Anthropogenic Desertification vs ‘Natural’ Climate Trends
Anthropogenic Processes: The North-Central China Example
While physical processes were responsible for the formation of China's deserts, human activities are believed to have contributed to their enlargement (Fullen and Mitchell, 1991). One of the main contributory factors is farmers, who graze their sheep and goats on the semiarid steppe lands. Evidence of past environmental change can be found surrounding the Mus Us Sandy Lands just south of the Yellow River in north-central China, where calcareous sandy silt loams can be found beneath a covering of desert sand. These fertile soils were probably buried around 300 years ago; their burial is directly attributed to overgrazing the semiarid steppes, which caused the sand to become exposed and vulnerable to wind or water erosion. Wind erosion can be especially severe in China – 5,000 km distant, scientists at the Mauna Loa observatory in Hawaii can detect the onset of the Chinese spring-plowing season by the increase in atmospheric dust fallout. Zhenda and Tao (1993) used aerial photos, Thematic Mapper satellite images, and field studies to conclude that sandy desertified lands increased by an average of 2,100 km2 annually between 1975 and 1987. The authors believe that anthropogenic causes of desertification are paramount, as the figure below illustrates.
Causes of sandy desertification in north China: Natural causes – aeolian sand dune encroachment – explain just 5.5% of desertification processes. Data source: Zhenda and Tao (1993).
Unfortunately, no time-series data were given for the Chinese case, so it is impossible to assess whether these deserts advanced or retreated with precipitation variability, as does the Sahara. The relationship between rainfall and desert margin advances or retreats brings into focus questions regarding the interactions of global change dynamics with desertification processes.
Natural Processes: The Sahara Example
In the heart of the Sahara desert, there's evidence that 5,000 years ago the climate was wet enough to provide food and water for large herds of domesticated cattle. Prehistoric rock paintings and the fossil remains of both cattle and herders are scattered across the Sahara in localities where it now rains only once every 10 years. The question that springs to mind when standing on now-dry lake beds, strewn with the bones of hippo and crocodile, in what is now hyperarid desert is: What has caused the change? Has the climate indeed become drier? Or did human activities destroy the former soil and plant cover? Are some deserts a legacy from our prehistoric ancestors?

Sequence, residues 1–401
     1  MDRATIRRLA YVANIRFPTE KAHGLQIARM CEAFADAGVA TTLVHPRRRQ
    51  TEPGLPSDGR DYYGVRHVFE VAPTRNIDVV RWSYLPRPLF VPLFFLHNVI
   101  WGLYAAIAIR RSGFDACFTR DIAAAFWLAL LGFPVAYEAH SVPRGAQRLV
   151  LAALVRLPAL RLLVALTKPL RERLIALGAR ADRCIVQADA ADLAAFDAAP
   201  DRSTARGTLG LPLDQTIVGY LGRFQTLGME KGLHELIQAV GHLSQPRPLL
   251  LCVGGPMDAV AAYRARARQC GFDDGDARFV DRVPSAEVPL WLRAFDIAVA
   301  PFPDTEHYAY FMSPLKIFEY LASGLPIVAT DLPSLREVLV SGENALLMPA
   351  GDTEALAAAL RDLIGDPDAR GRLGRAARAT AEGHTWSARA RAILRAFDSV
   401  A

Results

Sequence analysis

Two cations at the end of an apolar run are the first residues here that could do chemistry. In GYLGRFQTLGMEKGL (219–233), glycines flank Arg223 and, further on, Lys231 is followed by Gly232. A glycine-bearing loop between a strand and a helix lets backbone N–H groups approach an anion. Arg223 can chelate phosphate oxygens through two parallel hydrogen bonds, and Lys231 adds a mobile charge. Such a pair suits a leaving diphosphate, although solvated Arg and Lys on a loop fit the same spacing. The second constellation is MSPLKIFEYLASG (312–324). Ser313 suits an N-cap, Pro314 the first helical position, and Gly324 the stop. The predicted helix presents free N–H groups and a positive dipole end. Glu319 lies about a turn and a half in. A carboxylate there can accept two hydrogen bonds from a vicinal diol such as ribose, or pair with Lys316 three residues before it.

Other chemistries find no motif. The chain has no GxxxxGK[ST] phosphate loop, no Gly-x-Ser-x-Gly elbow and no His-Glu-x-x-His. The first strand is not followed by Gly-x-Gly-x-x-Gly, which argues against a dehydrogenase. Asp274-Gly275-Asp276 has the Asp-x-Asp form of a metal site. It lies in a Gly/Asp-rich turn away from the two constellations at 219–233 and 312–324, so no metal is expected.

There is no simple answer to these questions. The climate has indeed changed; from about 11,000 to 5,000 years ago, all of the world's great deserts were far less arid than they are today. But for nearly 10,000 years before then, and especially between 18,000 and 12,000 years ago, the deserts of Africa, Eurasia, and Australia were even drier and windier than they are today, and enormous quantities of fine desert dust were blown out to sea each year. As the deserts became drier, their prehistoric human inhabitants were forced to migrate with their herds into what are today the dry subhumid and semiarid regions of the world (Williams and Balling, 1995).
Drought and Desertification
There has been a rainfall deficit in the Sahel over the last three decades. Drought in this broad band stretching across Africa is a periodic and unwelcome visitor. West Africa was buffeted by severe drought for 350 years commencing around 1150 a.d., then for 200 more years from the late 1630s. The first crises, writes Cambridge University historian John Iliffe (1995), were in the 1680s, when famine extended across the entire Sahel and many people sold themselves into slavery in exchange for food. Catastrophe followed between 1738 and 1756, the years of West Africa's greatest recorded subsistence crisis; for example, half the population of Timbuktu died of starvation. But the past several decades' dessication represents the most substantial and sustained change in rainfall for any region in the world ever recorded by meteorological instruments. Evidence gathered from analyzing the variability in the surface-level of Lake Chad suggest that the present dessication is at least as severe as anything experienced during the past 1,000 years (Hulme and Kelly, 1993).